Myc and Miz-1 have coordinate genomic functions including targeting Hox genes in human embryonic stem cells.

Journal: 
Epigenetics Chromatin
Publication Year: 
2011
Authors: 
N Varlakhanova , R Cotterman , K Bradnam , I Korf , P S Knoepfler
Public Summary: 
The Myc protein family are important cancer causing factors, but also have critical roles in normal stem cells including both human ES and iPS cells. However, the mechanisms by which Myc acts in both cancer cells and in iPS and ES cells are not well understood. Here we examined Myc function in human ES cells finding that the two main Myc family members, c-Myc and N-Myc, are both required for human ES cell growth. We further investigated Myc function in human ES cells by conducting the first ever genomics studies on Myc in human ES cells. Myc binds two main classes of genes in human ES cells--those that promote a stem like state and those that promote differentiation--with different consequences. Myc appears to turn on the stemness genes and turn off the differentiation genes. The function of Myc to turn off differentiation genes has long been postulated but the mechanism has remained elusive with most research focusing on Myc's function to turn genes on instead of off. We found using genomics studies that Myc relies on a novel cofactor called Miz-1 to repress the differentiation genes. Our studies were the first genomics studies on Miz-1 in any cell type. Overall these studies shed important light on how Myc functions in human ES cells to promote pluripotency via its cofactor Miz-1.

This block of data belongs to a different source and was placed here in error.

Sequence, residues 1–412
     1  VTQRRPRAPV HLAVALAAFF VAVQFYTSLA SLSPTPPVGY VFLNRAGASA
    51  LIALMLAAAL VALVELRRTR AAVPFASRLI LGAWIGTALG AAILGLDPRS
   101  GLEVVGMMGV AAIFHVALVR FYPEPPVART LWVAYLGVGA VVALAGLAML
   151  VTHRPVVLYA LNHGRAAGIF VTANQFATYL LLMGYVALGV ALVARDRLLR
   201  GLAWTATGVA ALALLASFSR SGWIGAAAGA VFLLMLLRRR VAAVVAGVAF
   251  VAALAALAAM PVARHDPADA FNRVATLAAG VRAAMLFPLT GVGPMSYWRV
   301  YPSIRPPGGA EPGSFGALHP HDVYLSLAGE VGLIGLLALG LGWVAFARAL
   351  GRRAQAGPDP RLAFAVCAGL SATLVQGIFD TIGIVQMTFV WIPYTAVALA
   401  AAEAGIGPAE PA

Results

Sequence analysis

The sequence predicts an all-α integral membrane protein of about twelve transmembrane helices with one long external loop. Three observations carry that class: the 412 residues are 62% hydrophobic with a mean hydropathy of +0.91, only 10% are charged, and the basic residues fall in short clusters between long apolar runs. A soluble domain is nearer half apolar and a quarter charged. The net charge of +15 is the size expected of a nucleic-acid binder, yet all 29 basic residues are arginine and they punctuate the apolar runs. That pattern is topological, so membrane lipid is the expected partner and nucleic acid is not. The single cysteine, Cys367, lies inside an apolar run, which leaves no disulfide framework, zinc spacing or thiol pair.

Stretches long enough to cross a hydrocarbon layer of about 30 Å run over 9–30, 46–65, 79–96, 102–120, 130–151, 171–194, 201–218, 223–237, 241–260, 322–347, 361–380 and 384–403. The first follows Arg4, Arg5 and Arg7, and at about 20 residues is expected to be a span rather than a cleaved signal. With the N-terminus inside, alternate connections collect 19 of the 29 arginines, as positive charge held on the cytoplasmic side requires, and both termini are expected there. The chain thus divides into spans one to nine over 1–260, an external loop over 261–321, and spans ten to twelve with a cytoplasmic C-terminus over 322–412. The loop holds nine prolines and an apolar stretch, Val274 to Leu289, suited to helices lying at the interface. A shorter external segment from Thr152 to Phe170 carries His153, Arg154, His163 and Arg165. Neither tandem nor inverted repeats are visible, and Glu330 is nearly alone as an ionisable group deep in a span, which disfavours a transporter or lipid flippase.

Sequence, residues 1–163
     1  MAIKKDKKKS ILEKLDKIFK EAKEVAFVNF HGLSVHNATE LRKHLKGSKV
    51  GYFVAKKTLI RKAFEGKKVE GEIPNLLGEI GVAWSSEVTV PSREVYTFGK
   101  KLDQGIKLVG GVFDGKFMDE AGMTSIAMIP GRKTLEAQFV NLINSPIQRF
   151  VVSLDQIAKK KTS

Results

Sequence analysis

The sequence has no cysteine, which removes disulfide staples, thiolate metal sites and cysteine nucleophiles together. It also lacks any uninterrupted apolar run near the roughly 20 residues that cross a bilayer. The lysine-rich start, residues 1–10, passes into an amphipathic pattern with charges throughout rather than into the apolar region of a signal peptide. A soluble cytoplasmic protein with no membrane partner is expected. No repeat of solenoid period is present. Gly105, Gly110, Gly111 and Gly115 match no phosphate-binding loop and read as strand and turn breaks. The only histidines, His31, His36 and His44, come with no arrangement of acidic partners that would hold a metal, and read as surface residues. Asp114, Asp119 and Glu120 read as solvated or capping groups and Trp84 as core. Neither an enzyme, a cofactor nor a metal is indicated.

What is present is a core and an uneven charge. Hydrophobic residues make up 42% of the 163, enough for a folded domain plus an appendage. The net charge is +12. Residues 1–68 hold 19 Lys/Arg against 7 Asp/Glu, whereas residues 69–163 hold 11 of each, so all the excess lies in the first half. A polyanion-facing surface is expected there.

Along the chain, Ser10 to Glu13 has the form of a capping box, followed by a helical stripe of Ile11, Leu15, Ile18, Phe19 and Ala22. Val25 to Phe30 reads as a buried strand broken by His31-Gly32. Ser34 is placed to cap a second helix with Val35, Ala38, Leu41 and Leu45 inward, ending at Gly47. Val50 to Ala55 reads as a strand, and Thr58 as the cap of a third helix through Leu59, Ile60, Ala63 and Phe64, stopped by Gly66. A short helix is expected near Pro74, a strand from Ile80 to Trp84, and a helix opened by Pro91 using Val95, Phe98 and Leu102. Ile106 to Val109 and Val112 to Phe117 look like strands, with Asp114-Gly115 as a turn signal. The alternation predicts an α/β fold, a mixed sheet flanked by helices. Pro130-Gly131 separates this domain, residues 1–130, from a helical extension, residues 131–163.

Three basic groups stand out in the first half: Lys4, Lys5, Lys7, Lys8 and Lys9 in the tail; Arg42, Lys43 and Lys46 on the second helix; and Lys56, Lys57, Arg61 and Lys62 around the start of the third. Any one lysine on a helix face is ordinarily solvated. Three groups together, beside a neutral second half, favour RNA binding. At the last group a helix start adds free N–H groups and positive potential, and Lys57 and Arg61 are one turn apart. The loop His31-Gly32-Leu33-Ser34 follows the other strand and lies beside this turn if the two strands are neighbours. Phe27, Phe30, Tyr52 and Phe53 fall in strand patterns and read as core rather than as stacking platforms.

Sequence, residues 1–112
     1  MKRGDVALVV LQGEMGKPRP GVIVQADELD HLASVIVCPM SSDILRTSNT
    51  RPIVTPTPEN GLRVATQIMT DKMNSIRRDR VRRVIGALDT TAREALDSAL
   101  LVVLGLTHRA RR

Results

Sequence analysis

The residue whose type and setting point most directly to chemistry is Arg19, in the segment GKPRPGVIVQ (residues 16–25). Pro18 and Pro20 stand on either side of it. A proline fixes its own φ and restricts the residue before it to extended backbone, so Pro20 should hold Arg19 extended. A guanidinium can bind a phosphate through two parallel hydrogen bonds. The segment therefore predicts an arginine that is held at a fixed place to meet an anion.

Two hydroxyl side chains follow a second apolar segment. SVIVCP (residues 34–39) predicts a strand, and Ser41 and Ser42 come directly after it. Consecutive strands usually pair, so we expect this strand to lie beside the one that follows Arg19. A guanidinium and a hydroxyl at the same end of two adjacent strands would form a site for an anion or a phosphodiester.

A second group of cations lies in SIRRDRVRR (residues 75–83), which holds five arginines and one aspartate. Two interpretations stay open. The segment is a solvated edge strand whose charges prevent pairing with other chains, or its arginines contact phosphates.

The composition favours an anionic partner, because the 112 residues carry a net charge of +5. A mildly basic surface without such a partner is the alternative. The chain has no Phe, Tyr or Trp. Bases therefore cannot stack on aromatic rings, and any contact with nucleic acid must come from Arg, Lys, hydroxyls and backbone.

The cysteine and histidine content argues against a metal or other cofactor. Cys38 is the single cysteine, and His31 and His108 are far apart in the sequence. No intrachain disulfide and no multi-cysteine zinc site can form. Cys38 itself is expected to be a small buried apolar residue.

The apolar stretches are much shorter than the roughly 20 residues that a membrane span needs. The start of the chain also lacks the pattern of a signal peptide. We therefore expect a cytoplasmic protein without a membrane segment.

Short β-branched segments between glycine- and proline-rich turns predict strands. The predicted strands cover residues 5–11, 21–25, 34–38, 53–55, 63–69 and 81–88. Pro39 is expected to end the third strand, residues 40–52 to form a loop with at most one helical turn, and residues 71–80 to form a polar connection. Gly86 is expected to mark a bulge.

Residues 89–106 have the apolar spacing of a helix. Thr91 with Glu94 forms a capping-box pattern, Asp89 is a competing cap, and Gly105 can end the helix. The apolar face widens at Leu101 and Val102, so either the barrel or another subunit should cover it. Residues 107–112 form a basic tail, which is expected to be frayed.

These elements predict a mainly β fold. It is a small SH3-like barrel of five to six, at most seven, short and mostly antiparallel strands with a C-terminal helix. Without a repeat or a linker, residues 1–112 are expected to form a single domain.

Scientific Abstract: 
ABSTRACT: BACKGROUND: A proposed role for Myc in maintaining mouse embryonic stem (ES) cell pluripotency is transcriptional repression of key differentiation-promoting genes, but detail of the mechanism has remained an important open question. RESULTS: To test the hypothesis that the zinc finger protein Miz-1 plays a central role, in the present work we conducted chromatin immunoprecipitation/microarray (ChIP-chip) analysis of Myc and Miz-1 in human ES cells, finding homeobox (Hox) genes as the most significant functional class of Miz-1 direct targets. Miz-1 differentiation-associated target genes specifically lack acetylated lysine 9 and trimethylated lysine 4 of histone H3 (AcH3K9 and H3K4me3) histone marks, consistent with a repressed transcriptional state. Almost 30% of Miz-1 targets are also bound by Myc and these cobound genes are mostly factors that promote differentiation including Hox genes. Knockdown of Myc increased expression of differentiation genes directly bound by Myc and Miz-1, while a subset of the same genes is downregulated by Miz-1 loss-of-function. Myc and Miz-1 proteins interact with each other and associate with several corepressor factors in ES cells, suggesting a mechanism of repression of differentiation genes. CONCLUSIONS: Taken together our data indicate that Miz-1 and Myc maintain human ES cell pluripotency by coordinately suppressing differentiation genes, particularly Hox genes. These data also support a new model of how Myc and Miz-1 function on chromatin.

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